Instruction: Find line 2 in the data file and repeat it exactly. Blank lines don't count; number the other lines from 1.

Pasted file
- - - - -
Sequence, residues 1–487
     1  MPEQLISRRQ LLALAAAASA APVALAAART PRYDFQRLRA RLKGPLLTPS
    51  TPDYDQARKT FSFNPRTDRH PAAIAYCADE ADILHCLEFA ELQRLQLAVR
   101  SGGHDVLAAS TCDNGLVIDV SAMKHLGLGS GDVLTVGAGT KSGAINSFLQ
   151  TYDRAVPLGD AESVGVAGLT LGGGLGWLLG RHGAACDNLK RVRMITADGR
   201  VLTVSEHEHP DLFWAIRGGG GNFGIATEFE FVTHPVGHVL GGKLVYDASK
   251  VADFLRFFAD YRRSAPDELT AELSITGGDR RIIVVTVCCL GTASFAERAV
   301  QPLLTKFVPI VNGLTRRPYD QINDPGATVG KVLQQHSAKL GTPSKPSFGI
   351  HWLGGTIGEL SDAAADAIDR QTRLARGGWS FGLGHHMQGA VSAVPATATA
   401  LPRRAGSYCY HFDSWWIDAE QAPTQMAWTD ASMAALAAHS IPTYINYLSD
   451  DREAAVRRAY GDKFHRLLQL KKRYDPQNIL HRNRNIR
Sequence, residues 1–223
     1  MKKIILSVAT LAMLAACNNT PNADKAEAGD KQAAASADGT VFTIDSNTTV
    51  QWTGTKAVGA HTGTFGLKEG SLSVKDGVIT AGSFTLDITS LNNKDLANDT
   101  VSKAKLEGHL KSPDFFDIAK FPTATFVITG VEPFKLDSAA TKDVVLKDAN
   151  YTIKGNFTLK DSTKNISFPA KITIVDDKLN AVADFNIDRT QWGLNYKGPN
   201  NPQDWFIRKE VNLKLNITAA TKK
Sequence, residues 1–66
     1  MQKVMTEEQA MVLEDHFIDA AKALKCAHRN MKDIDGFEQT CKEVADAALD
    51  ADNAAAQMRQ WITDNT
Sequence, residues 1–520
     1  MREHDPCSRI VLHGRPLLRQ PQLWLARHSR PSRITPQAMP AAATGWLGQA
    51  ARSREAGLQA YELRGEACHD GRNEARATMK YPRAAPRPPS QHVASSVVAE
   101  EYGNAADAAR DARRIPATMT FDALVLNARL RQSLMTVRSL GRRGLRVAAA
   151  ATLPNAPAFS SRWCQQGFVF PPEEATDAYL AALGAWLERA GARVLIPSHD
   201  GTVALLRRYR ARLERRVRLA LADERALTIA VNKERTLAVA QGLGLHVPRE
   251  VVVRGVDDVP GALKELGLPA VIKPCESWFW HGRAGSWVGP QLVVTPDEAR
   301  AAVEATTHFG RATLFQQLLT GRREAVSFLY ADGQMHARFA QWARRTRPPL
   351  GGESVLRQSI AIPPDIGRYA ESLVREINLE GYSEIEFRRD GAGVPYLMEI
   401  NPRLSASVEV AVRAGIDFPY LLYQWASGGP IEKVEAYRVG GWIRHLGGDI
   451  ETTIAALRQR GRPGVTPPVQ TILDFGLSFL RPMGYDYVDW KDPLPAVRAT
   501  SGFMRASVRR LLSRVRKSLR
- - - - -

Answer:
     1  MPEQLISRRQ LLALAAAASA APVALAAART PRYDFQRLRA RLKGPLLTPS